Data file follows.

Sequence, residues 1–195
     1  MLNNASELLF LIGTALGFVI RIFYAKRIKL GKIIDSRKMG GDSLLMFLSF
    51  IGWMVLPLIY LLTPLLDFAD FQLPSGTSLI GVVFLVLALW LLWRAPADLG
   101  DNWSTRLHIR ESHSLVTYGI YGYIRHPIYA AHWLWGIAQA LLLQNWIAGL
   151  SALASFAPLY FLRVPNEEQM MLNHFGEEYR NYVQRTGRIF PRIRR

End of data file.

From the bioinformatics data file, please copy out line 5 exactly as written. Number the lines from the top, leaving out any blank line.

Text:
   151  SALASFAPLY FLRVPNEEQM MLNHFGEEYR NYVQRTGRIF PRIRR